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Re: Technology and Community

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  • Nina Liakos
    Thanks, Michael. The clip and blog post are both thought-provoking. The thought occurred to me as I read/watched that Americans, at least, often do not have
    Message 1 of 2 , Mar 5 3:38 AM
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      Thanks, Michael. The clip and blog post are both thought-provoking. The thought occurred to me as I read/watched that Americans, at least, often do not have the kind of first-life community Shane Hipps refers to, the community with a shared history. We move a lot, and we don't make friends easily (below the surface). It's easy to live on a street or in an apartment building and never get to know the majority of your neighbors (2 new families moved onto my street this year and I have yet to meet them! I am not proud of this.) To meet people, you often need a small child or a dog to walk. Of course, people who are active in a church have that community, but my own experiences (living in the same house for almost 30 years) is that it is easy to remain apart from the people who live in proximity to you. Maybe that is why many of us seek community online?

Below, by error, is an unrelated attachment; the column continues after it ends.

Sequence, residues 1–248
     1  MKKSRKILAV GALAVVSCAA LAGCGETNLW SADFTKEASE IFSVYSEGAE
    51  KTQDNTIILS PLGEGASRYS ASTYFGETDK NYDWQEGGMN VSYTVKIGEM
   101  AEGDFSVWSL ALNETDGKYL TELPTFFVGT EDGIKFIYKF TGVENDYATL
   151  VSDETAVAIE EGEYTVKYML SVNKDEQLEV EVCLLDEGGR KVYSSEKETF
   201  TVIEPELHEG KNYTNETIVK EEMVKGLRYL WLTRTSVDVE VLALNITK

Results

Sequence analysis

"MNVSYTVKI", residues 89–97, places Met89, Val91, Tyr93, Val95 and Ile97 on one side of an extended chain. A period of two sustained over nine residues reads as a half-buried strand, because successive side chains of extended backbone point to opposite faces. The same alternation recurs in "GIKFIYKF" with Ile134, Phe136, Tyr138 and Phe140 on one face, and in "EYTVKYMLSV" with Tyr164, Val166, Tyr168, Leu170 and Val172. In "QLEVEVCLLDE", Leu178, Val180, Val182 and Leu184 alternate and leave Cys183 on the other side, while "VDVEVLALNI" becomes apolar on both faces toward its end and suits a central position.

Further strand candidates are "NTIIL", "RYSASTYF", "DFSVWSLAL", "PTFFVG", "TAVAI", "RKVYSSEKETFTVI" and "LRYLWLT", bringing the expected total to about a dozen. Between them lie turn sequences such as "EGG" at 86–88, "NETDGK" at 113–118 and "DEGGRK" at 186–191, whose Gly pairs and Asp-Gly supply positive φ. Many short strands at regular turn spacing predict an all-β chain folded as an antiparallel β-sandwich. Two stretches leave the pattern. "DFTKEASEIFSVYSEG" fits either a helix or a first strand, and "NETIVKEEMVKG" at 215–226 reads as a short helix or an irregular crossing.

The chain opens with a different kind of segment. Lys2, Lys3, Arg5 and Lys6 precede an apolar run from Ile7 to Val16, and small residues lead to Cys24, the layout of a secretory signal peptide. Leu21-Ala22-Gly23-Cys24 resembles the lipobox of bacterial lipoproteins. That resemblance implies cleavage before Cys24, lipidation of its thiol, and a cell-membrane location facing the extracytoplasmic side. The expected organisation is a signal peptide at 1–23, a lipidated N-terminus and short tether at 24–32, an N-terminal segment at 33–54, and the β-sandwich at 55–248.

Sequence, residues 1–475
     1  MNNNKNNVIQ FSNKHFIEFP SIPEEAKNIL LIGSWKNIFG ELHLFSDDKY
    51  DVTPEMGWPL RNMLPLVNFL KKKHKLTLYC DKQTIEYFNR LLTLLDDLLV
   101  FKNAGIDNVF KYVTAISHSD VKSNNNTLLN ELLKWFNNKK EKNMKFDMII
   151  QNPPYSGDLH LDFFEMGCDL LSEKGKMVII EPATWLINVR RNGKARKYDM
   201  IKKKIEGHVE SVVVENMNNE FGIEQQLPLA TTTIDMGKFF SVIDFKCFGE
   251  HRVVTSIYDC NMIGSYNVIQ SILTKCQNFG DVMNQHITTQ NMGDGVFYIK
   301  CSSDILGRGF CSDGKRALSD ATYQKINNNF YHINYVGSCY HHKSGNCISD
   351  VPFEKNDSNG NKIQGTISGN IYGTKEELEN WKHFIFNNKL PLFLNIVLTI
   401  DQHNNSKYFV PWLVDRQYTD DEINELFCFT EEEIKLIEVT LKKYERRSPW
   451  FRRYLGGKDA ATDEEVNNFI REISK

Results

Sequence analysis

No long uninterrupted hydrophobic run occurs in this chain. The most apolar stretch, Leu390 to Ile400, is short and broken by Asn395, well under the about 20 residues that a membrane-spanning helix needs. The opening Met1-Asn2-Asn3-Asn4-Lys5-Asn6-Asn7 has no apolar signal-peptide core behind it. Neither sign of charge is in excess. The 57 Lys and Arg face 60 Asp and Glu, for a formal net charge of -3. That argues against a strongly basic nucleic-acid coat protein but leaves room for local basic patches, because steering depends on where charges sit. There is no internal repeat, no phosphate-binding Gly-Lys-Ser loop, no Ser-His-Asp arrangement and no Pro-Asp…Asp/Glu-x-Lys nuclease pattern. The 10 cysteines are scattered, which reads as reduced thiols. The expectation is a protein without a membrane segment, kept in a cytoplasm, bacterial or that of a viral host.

I also agree that for me, the most memorable moments of shared history with my webhead friends are the f2f encounters. And our sense of a shared idea of the future--teachers and students learning together and interacting through technology, plus the webhead ideal of exploring and helping each other to get there--are what bring us together as a community of practice.

      My 2 cents,

      Nina
      ----- In evonline2002_webheads@yahoogroups.com, Michael Coghlan <michaelc@...> wrote:
      >
      > Hi everyone.
      >
      > While looking for material on technology and community a friend of
      > mine pointed me to 2 very interesting resources from the Christian community:
      >
      > 1) a video by a guy called Shane Hipps at
      > http://www.youtube.com/watch?v=bJkSJmvK7eg (just the first 2 minutes
      > are relevant to this topic; ignore the reference to Christianity if
      > you like. It makes little difference.)
      >
      > 2) a short blog post at
      > http://blog.christianitytoday.com/outofur/archives/2009/02/the_social_netw.html
      > talking about online community. There follows a mostly insightful
      > series of comments about whether it's possible to form community
      > online. The context is again Christian, but if you filter through
      > this list of comments you'll find several perspectives of interest to
      > Webheads. In short, are we a community? Personally, I'm not too
      > fussed what the answer is.....just posting for your info :-)
      >
      > - Michael
      >
      >
      >
      > [Non-text portions of this message have been removed]
      >
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